The little picture next to your search listing.
How do I get my little picture to show up by my site in search engine results?
You may have noticed the small thumbnail images positioned next to search engine results in the last few months. You may have even thought about how you could have a little thumbnail image show up next to your website when it shows up on Google. This is part of the new authorship verification process through Google+.
What is authorship verification?
Authorship verification allows you to claim the content on your website as your own. This starts with a Google+ profile. Authorship verification basically ties your Google+ profile to your website.
How do I get the little picture of me to show up next to my website?
First, you’re going to want to address the www. vs. non-www issue. This can be done through a few simple lines of code in your htaccess file. Then, you’ll add whichever version of your domain name you’re using to the “contributor to” section of your individual Google+ profile. The authorship verification process is not yet available for business listings. Finally, you’ll add a link to your website with something to the effect of “content by: (your name)” and add rel=”author” into the code for the link. (click here to see the link on this page)
How do I know if the authorship verification process worked?
Once you have completed the process, you can use the “rich snippets” tool to confirm that it was done correctly. Unfortunately, that does not guarantee that the image will show up with your search results. Even when / if it does start to show up, it may show up sporadically. For example, I had one client where I was seeing the thumbnail show up, but he was only seeing it on his iphone when he searched, not on his computer. My advice would be to not get obsessed about tracking exactly when and where it’s showing up. Make sure you set it up correctly with the rich snippet tool, and then give it a couple of weeks.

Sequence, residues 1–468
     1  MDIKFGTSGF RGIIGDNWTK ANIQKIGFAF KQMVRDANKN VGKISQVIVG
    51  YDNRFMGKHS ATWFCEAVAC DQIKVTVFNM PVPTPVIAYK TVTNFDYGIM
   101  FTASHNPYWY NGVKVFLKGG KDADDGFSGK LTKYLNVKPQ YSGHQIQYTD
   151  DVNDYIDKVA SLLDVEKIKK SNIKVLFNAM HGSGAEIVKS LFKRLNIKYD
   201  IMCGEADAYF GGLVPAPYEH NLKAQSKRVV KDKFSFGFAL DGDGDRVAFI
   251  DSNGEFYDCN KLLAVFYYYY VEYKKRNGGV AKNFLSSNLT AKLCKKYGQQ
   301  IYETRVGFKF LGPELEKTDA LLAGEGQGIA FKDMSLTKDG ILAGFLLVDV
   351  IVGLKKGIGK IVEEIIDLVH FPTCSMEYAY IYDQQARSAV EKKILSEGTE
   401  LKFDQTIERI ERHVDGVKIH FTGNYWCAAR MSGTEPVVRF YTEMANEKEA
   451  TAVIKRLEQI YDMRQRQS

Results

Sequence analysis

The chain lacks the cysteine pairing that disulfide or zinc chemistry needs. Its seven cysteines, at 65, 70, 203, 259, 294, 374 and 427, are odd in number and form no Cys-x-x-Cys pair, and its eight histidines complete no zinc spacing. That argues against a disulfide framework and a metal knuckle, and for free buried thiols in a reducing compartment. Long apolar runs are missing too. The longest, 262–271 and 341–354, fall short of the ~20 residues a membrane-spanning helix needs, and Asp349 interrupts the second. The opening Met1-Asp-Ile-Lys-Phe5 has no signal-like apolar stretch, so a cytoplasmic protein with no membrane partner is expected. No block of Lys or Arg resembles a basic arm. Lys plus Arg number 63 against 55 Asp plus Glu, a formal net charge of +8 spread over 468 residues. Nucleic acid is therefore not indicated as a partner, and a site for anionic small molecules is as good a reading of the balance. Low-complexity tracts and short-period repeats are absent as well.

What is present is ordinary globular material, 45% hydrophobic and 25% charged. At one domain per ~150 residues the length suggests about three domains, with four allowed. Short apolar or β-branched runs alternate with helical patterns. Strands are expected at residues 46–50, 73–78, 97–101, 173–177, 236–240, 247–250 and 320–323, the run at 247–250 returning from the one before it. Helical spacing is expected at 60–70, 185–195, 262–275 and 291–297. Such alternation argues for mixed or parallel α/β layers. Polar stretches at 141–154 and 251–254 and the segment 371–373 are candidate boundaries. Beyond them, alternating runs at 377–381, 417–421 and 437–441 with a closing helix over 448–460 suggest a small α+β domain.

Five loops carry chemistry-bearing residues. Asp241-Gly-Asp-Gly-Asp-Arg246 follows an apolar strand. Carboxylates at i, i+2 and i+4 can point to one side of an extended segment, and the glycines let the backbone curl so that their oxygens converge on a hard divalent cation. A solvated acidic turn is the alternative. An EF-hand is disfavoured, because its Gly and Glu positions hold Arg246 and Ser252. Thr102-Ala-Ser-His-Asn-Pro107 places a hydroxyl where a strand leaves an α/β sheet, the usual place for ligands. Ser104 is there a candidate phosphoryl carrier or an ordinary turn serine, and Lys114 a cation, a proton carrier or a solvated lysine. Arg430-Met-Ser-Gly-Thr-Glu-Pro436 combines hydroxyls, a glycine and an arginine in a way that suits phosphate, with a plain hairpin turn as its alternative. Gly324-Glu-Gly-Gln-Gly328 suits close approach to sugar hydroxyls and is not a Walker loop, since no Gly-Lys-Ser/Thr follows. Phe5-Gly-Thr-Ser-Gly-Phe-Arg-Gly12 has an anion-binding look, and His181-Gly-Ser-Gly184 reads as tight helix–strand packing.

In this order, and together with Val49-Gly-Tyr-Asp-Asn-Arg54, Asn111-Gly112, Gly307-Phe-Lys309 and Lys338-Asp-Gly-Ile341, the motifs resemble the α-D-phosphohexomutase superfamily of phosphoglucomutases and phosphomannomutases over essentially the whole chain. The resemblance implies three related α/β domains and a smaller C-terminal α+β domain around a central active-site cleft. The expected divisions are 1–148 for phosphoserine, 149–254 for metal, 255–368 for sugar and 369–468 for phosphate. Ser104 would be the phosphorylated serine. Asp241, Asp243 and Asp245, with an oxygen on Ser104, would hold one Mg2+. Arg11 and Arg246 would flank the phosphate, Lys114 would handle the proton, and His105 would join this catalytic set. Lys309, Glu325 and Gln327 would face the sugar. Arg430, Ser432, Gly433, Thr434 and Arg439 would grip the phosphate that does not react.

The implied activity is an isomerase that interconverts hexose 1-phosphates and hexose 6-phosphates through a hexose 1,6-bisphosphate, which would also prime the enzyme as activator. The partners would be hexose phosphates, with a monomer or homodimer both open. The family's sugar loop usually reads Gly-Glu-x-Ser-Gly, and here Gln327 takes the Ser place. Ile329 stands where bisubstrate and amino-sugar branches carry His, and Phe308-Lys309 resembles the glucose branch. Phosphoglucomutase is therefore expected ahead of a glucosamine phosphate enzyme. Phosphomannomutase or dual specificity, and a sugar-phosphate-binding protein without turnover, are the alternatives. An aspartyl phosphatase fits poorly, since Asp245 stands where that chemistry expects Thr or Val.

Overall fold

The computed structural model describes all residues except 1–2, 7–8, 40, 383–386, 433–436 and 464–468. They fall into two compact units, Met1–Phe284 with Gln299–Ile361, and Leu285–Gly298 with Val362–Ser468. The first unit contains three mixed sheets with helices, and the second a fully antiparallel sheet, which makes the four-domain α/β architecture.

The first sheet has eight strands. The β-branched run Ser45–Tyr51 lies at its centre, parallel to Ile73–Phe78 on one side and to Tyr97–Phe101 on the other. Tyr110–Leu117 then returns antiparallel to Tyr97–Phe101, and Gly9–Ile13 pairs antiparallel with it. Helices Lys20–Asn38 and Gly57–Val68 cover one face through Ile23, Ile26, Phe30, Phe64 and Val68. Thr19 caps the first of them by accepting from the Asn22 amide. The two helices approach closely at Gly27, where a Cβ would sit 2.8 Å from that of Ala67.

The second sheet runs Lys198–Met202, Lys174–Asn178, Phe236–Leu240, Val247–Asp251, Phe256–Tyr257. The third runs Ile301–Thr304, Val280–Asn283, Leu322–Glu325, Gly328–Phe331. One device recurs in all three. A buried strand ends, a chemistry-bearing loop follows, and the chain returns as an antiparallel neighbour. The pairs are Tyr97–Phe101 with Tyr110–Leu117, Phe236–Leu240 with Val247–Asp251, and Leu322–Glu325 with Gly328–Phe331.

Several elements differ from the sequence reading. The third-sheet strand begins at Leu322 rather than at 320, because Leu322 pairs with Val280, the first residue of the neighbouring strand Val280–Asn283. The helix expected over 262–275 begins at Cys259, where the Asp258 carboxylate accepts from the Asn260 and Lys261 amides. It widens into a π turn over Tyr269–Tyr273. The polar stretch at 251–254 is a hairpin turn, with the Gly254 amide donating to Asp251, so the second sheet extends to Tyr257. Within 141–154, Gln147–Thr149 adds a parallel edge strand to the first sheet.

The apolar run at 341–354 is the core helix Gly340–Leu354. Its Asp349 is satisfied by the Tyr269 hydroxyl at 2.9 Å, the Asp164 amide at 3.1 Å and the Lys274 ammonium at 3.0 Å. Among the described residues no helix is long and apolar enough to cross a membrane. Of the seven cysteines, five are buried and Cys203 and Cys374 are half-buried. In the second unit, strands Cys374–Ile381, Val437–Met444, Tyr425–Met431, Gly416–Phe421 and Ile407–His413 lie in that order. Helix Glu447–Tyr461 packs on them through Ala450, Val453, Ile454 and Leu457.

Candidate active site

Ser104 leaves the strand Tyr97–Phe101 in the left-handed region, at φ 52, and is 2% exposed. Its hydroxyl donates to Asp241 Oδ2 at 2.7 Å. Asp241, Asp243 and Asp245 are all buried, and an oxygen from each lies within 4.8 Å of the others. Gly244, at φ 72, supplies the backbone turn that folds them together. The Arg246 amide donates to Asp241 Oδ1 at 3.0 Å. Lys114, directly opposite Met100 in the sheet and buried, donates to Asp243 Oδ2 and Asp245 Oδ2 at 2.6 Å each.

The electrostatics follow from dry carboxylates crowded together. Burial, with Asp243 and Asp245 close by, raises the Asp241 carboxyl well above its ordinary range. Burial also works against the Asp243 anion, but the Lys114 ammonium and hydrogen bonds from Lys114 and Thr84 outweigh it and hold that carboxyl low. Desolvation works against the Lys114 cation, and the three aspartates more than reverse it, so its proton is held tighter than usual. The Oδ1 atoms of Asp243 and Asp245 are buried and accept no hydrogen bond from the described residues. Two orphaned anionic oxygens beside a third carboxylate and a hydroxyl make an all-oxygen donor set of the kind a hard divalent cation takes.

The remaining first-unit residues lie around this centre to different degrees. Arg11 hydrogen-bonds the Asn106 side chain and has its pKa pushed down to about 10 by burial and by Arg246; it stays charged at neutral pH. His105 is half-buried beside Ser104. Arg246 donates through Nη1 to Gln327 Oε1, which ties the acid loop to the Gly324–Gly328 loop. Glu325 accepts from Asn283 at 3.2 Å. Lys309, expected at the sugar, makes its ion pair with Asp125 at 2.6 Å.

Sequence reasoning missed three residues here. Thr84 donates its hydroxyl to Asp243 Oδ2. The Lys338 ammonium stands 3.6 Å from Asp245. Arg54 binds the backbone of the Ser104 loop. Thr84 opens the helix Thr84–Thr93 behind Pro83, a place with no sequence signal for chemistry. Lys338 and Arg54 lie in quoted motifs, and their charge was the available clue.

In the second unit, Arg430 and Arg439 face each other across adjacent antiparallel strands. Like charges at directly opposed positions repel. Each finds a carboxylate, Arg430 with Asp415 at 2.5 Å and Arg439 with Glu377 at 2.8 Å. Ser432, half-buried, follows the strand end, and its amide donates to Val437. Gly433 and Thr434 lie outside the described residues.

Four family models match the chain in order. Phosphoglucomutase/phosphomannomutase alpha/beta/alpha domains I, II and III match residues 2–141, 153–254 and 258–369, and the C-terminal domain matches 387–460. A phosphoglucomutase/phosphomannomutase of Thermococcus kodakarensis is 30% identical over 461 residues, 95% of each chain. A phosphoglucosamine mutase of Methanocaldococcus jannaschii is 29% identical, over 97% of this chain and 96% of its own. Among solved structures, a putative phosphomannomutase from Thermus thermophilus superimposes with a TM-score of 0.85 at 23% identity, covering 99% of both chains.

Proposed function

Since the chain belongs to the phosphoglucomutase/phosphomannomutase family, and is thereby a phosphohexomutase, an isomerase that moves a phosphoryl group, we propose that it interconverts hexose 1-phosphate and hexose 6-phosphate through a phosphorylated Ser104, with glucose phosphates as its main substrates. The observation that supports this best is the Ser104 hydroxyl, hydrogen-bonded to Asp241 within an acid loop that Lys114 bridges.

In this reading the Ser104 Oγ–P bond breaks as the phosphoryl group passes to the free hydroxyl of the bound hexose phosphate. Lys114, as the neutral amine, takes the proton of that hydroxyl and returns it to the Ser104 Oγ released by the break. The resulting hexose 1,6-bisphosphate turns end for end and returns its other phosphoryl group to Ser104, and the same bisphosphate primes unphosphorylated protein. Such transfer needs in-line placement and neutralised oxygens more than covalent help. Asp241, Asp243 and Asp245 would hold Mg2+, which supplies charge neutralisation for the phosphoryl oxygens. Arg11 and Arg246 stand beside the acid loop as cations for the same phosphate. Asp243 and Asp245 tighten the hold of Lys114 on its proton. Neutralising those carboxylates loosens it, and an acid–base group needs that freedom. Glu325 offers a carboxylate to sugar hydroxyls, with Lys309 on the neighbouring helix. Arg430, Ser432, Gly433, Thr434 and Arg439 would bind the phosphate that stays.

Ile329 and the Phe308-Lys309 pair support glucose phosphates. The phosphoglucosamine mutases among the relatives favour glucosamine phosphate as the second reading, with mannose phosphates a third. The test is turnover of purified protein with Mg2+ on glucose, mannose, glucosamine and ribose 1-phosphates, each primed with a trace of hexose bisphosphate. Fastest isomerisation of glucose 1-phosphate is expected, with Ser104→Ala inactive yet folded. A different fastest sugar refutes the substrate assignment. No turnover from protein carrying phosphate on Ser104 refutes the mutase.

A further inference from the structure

In the interest of full disclosure, this is where the article turns from verified facts (above) to assumptions of the author (below).
I believe that if you can get the image to show up, that’s great. Typically, when a user is offered a list of results, even the slightest variation in one result can end up delivering a larger proportion of the traffic. So even if we assume that the authorship verification process will not affect the way that websites show up, it is still reasonable to assume that having your image will increase the amount of traffic you get.
However, I do not believe that the search results will remain the same. I believe that the reason that Google is offering the authorship verification process is to distinguish between content that is unique and owned by the author is to give that content priority.
I don’t pretend to know exactly what the penguin update or the panda update did. I don’t pretend to know how to trick my way to the top of the search engines. In all honesty, the approach I take to SEO is basically the same approach I’ve been taking for years; create meaningful and relevant content and target it to a specific geography. It may sound simple, but that doesn’t mean it’s easy. When you look at most legal blogs or Facebook pages, it’s common to see that they simply post links to articles or other people’s content. I do believe that Google is adjusting their algorithm to discount this approach to building content. Creating unique and meaningful content, and then going through the content verification process is the best way I know to stay current with what Google’s looking for, and with a little luck, a step or two ahead of your competition.
If you have questions about your current website, or how to increase your position on the search engines for your law firm, I’d love to talk to you about it. Feel free to call me at 413.528.4402 or contact me via email through this website. this is something.